To do that, the plan would marshal the tens of billions of public dollars sitting in institutions ranging from the European Investment Bank and the European Bank for Reconstruction and Development, to recently created national green banks, development finance institutions like Germany’s KFW, Bretton Woods, institutions like the International Monetary Fund and beyond. That public money would be added to the hundreds of billions, if not trillions, available in private markets to drive clean energy solutions in Europe. The leadership, commitment and participation of these public institutions will be particularly important for poorer Eastern European countries that are more reliant on Russian fossil fuels, and less capable of transitioning without support.

A plan like that only works, however, if private financial institutions show up. With nearly every private financial institution on earth committed to a net zero transition, their participation should be a given. But if it’s not, this becomes a litmus test for credibility with the eyes of the world watching. If they’re really committed to the clean energy transition and ending this war there’s one shared solution –– pledge concrete targets and investments in support of this plan and follow the public money.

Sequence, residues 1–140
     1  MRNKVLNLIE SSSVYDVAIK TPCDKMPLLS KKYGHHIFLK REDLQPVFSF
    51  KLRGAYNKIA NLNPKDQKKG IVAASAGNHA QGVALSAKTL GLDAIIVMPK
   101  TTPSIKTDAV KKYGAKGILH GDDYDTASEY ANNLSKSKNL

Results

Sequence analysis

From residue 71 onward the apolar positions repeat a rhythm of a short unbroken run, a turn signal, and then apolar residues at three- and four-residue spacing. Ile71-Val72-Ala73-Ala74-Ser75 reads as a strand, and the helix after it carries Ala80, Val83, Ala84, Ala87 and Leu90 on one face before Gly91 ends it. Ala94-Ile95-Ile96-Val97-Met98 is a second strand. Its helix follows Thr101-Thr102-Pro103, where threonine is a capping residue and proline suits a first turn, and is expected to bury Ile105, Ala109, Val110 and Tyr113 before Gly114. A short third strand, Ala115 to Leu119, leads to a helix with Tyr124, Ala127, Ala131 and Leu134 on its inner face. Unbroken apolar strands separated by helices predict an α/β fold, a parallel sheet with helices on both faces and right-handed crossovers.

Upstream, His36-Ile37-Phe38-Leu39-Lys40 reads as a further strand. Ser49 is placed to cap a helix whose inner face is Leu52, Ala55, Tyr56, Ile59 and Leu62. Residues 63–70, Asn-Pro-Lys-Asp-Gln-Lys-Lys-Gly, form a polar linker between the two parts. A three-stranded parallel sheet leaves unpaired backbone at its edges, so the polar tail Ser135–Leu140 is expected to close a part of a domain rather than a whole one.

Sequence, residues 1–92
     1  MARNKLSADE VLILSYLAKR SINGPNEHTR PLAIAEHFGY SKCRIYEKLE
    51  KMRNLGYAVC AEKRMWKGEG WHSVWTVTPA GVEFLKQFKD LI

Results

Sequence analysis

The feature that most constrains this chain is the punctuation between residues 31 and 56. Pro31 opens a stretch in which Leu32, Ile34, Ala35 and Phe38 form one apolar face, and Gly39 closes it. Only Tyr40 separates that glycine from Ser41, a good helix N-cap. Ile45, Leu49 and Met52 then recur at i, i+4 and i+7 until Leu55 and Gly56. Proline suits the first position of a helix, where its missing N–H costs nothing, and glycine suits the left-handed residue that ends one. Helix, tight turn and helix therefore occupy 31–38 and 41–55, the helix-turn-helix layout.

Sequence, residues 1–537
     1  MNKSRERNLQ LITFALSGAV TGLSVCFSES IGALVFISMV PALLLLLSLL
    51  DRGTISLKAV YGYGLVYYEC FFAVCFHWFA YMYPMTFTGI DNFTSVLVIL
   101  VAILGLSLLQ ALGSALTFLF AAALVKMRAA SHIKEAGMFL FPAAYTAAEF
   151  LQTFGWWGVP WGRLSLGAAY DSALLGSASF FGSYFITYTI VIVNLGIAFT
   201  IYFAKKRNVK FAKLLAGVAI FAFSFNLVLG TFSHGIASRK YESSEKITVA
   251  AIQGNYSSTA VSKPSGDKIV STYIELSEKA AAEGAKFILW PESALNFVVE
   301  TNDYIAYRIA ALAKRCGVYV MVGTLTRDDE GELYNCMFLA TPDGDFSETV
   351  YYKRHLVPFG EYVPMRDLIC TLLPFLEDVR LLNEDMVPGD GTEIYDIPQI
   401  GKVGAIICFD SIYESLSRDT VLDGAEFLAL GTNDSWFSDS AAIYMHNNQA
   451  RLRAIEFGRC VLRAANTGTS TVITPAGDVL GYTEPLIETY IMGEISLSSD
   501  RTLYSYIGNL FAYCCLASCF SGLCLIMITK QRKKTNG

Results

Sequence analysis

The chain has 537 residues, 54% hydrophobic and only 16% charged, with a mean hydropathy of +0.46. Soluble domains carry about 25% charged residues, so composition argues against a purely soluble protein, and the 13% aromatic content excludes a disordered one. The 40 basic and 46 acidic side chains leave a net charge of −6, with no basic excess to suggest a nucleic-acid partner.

Done right this plan is not just about getting Europe off-gas, it’s about global justice. It can help stabilize the growing food and energy crisis in the developing world by ending the direct competition with Europe and other developed countries over scarce gas and fertilizer supplies. With not enough to go around, countries are being forced to take from the hungry to feed the starving. Immediately reducing gas consumption in Europe can help end that impossible choice.

Ultimately, as Laurence Tubiana, the former French diplomat who helped deliver the Paris Climate Agreement, said: Clean energy is the peace and freedom project, it is the answer to this fossil fueled war. But only if we seize this moment to solve our twin crises. And seize it we must because everything hangs in the balance.

Written by

Justin Guay

Justin Guay is director for global climate strategy at the Sunrise Project.